CASSELTON, N.D. (AP) — Authorities are evacuating part of a North Dakota town near the scene of a fiery oil train derailment.
Cass County Sheriff's Sgt. Tara Morris says as many as 300 residents of Casselton may be evacuated.
Morris says there's no immediate danger. It's a precaution in case winds change as some derailed cars continue to burn.
Morris estimates about 10 cars from a mile-long train caught fire and will have to burn out. She said it could take up to 12 hours before authorities can get close.
The derailment Monday afternoon happened about a mile outside of Casselton. The town of 2,400 people is about 25 miles west of Fargo.
Officials are still investigating what caused the derailment, but a second train carrying grain was somehow involved.
THIS IS A BREAKING NEWS UPDATE. Check back soon for further information. AP's earlier story is below.
A train carrying crude oil from North Dakota's oil patch derailed Monday near the small town of Casselton, setting off a series of fiery explosions. No injuries were initially reported, but officials were warning residents to stay indoors as the situation unfolded.
BNSF Railway spokeswoman Amy McBeth said a train carrying grain was first to derail, and it knocked several cars of the mile-long oil train off adjoining tracks. Several explosions were reported, she said.
Cass County Sheriff's Capt. Mitch Burris also told The Associated Press that the derailment appeared to result from the crude oil train striking a grain car, but he said investigators were still trying to determine exactly what happened.
Cass County Emergency Manager Dave Rogness said the town's 2,400 residents were told to stay indoors as a precaution.
Rogness said crews were calling for truckloads of sand to help contain leaking material. He says the derailment occurred near the city's ethanol plant.
Terry Johnson, the manager of a grain dealer less than a mile from the derailment, said he had heard at least six explosions in the two hours following the incident.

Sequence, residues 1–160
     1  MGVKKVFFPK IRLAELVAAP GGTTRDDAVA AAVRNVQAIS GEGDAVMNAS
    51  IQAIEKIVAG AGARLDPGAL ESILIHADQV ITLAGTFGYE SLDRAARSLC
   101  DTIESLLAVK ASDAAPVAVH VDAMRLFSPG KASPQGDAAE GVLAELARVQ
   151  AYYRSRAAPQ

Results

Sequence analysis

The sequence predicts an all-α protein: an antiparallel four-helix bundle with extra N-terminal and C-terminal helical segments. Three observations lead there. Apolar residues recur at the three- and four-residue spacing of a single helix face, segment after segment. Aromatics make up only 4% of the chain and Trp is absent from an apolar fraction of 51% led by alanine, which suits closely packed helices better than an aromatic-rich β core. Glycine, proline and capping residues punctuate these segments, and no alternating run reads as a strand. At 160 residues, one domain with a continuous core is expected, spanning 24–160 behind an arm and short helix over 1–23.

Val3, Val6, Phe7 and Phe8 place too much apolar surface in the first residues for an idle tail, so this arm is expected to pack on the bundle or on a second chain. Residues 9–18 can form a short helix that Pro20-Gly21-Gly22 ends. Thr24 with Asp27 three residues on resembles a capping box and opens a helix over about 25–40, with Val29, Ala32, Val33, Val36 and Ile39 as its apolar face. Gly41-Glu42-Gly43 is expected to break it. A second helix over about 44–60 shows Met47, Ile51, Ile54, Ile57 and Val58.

"Each one, you could hear the explosion," he said. "It shook our building and there was a huge fireball."
Johnson said he was staying inside his grain business, as directed by authorities, but could see the disaster through a window.
"The town is covered with black smoke," he said. "The wind is blowing a little, so the town doesn't have to breathe it."
State health officials were in Casselton and plan to check for health hazards once the fires are out, said Dave Glatt, director of the Health Department's environmental health section.
"We're just standing by waiting for emergency responders to get it under control," he said.
North Dakota is the No. 2 oil-producing state in the U.S., trailing only Texas, and a growing amount of that oil is being shipped by rail. The state's top oil regulator said earlier this month that he expected as much as 90 percent of North Dakota's oil would be carried by train in 2014, up from the current 60 percent.
That matches a growing national trend and has stoked fears of catastrophic derailments, especially in the wake of last summer's crash in Canada of a train carrying crude oil from North Dakota's Bakken oil patch. Forty-seven people died in the ensuing fire.
The number of crude oil carloads hauled by U.S. railroads surged from 10,840 in 2009 to a projected 400,000 this year.
Despite the increase, the rate of accidents has stayed relatively steady. Railroads say 99.997 percent of hazardous materials shipments reach destinations safely.
Associated Press writers James MacPherson in Bismarck, N.D., and Dirk Lammers in Sioux Falls, S.D., contributed.